Your Questions About Corporate Social Media Education
Large enterprises are rolling out social media at scale – and training and education for employees is critical. Well-developed social media education programs can help companies achieve business goals by reducing social media risk and activating employees for engagement and advocacy.
Charlene Li and I presented our most recent research and report in a webinar, now available for replay. The webinar provides a recap of the latest data and trends in social media education for businesses. Our research includes insights from companies such as Dell, Radio Shack and Whole Foods, and the webinar covers topics such as:
- The state of social media education – who’s doing what, and why
- Looking at frameworks for social media education – with examples from top companies
- A checklist of practical steps you can take to get started with education in your own organization
The content for the webinar is built around Altimeter Group’s report, Social Media Education for Employees: Reduce Social Media Risk and Activate Employees for Scale, available for free download. The on-demand replay is available 24/7, and I’ve included below a sampling of some of the questions from the session. Follow Altimeter Group’s education hashtag at: #socialedu, and you’ll find on Twitter our Q&A during the session. Please add to the conversation and ask us questions by including the #socialedu hashtag and address to @edterpening.
Social Media Education FAQ
Q: How would you suggest a company get started with education around social media, when there’s no budget or resources for it?
A: There are low-cost options to get started, until your organization has the budget to do more. One low-cost option is CommonCraft, a subscription based service for both learning and creating your own educational videos. For example, check out their Commoncraft Twitter introduction). You could easily create a basic curriculum from their videos. Another great option is Compy Socially, which offers online and live training. Their focus is on regulatory compliance, but the offer a full range of training.
Q: What are the best first steps for getting executives engaged in social media?
A: It depends on your company culture and the POV of your leaders, but most leaders respond to what they hear from customers and employees. Listen to what customers and employees are saying in social media about your brand, and communicate that to leadership. You may surprise them, and they may surprise you by making social a priority. Listening in social will help to establish priorities around how and when to use social to drive the business forward, as well as to identify topics that will resonate with customers and executives. Catalog the ‘Top 10’ stories, and that can give some initial direction on key topics to address.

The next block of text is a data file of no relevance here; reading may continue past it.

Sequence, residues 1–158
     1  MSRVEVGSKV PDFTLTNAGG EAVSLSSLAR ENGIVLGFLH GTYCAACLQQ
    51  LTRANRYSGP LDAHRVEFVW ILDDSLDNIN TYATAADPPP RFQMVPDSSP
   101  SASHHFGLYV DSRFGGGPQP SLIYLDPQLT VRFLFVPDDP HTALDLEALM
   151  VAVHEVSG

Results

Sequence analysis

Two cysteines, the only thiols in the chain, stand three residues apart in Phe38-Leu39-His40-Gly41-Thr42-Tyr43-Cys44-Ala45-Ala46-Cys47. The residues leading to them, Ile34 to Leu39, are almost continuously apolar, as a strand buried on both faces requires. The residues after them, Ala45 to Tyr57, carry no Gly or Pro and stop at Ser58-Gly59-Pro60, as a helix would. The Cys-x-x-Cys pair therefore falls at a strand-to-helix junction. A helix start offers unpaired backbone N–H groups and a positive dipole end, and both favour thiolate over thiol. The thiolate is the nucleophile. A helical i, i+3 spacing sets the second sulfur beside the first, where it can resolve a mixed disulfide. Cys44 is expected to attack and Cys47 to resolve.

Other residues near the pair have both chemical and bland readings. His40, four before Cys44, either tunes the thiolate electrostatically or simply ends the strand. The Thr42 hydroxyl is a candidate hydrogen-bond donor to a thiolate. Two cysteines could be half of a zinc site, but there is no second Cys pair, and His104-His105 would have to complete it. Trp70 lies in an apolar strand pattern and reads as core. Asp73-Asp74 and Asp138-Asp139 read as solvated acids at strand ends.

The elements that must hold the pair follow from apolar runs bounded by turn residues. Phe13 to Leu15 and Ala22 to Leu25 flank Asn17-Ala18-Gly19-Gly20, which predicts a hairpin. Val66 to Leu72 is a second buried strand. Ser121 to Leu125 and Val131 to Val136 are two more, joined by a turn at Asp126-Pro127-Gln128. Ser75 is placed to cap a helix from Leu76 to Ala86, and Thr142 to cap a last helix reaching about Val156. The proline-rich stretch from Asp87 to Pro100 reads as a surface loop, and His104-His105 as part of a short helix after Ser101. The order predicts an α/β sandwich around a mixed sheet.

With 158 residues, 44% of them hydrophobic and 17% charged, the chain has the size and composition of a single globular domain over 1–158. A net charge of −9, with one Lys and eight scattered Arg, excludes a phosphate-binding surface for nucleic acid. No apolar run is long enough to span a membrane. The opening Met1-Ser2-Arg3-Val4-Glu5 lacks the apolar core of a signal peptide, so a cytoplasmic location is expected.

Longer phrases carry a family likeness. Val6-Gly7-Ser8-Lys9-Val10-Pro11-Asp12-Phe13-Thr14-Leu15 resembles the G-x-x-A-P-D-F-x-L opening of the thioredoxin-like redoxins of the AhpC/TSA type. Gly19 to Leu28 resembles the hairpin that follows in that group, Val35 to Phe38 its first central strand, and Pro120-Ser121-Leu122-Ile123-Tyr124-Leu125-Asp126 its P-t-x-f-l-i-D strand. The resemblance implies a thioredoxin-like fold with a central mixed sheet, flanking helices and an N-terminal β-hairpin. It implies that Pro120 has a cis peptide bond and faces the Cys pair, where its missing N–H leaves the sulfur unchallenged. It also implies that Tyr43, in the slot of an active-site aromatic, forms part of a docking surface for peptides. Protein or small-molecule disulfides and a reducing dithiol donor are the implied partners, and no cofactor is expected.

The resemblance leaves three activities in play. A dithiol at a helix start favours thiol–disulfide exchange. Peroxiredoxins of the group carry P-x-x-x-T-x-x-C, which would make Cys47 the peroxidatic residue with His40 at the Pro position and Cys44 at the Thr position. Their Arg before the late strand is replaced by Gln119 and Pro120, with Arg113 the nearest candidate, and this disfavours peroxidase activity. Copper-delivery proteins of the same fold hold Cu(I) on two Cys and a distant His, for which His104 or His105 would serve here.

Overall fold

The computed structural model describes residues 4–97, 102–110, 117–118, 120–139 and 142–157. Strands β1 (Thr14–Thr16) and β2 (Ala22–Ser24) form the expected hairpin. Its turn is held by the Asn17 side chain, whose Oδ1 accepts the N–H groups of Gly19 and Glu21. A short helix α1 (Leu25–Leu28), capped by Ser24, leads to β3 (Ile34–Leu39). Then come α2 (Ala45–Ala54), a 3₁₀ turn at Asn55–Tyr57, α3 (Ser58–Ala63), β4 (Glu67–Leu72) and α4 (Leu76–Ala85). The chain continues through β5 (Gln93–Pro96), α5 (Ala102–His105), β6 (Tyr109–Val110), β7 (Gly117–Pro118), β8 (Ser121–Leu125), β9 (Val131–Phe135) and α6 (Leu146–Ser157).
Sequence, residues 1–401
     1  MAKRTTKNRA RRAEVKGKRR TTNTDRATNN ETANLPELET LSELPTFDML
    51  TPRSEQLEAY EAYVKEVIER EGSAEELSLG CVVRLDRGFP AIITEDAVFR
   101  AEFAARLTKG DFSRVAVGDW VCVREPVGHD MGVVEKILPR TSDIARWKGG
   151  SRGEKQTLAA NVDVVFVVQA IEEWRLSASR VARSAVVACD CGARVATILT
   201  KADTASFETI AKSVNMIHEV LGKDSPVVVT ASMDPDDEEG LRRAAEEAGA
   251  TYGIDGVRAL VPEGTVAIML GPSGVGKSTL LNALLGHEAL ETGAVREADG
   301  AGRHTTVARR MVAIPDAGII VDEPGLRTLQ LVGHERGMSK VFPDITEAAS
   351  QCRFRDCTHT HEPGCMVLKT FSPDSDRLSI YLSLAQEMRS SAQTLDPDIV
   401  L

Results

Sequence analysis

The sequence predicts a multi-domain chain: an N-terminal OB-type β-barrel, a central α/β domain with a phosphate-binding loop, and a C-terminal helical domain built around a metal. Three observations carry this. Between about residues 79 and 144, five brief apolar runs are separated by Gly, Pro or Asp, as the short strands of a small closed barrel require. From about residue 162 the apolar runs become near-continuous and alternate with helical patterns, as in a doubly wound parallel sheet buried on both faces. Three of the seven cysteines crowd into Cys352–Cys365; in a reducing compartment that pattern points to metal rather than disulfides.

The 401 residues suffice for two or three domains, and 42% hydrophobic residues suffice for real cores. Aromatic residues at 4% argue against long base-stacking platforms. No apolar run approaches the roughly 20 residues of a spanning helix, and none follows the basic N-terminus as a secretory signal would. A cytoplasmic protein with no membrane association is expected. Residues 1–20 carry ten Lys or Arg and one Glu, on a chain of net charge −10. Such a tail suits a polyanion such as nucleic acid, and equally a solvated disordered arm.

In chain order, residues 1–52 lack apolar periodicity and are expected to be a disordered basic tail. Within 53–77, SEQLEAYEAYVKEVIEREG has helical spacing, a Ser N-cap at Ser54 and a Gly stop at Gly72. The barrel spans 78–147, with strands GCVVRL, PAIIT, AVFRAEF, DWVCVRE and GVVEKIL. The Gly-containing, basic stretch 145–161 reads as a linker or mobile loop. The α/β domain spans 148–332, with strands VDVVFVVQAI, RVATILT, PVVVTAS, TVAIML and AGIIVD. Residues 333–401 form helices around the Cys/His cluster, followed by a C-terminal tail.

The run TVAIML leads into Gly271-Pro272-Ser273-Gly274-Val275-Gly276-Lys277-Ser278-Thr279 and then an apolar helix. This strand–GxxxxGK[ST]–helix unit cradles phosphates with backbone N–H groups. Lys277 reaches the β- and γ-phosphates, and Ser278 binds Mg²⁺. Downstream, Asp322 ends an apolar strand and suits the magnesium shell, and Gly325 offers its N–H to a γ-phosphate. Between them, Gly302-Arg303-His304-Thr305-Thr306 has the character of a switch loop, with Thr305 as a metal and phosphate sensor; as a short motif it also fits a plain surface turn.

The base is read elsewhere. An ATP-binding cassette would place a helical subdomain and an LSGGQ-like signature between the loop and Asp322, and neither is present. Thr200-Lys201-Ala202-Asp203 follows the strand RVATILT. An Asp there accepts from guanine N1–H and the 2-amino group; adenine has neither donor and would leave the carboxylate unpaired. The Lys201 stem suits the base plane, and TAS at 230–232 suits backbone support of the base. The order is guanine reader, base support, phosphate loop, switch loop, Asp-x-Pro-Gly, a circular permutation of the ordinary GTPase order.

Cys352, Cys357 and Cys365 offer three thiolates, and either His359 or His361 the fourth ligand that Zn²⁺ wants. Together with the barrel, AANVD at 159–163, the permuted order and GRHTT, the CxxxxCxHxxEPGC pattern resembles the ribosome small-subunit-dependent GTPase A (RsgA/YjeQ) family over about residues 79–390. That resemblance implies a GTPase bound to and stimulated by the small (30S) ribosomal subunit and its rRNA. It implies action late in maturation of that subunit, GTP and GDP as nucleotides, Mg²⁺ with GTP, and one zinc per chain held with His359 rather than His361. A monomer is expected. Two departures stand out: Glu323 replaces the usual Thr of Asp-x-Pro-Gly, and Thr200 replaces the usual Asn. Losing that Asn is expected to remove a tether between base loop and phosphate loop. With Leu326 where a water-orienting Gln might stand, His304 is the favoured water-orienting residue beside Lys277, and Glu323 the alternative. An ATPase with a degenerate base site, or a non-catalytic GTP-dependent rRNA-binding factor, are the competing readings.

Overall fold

Q: What is the average headcount for social media education?
A: Our research shows that organizations with 1,000 or more employees are allocating approximately one-half of a Full Time Equivalent (FTE). We think that is a reasonable baseline.
Q: What are key best practices on insourcing versus outsourcing, especially when it comes to implementing social media policy?
A: It varies, but for heavily regulated industries, such as healthcare, telecommunications and financial services, insourcing for policy training is the norm. Outside of policy training, we get into basic skills and platforms. These are typically outsourced because they are teaching fundamentals about using the technology, as opposed to company-specific policies and procedures. Companies should look to develop a usable hybrid model for education, and insourcing and/or partnering on the elements where they need the greatest control – such as practitioner training that is focused on social business strategy, leadership and policy training.
Q: Is there a way to leverage social to reverse-mentor executives?
A: Social media is experiential, so it is important that executives use it to understand it. Use of internal, enterprise social tools like Yammer and Chatter can be used to help executives experience social in a “safe place”, internally.
Q: We already have employee policy compliance courses that touch on social, such as Harassment, Ethics and Information Security. Do we need training for social media, too?
A: A very common approach is to integrate social into existing policy training—as it should. Social is so pervasive as a communications tool, it will overlap with other policies. That said, there are many aspects of social that are unique to social and not typically covered in other policies. We often recommend a dedicated social media course for all employees for this reason.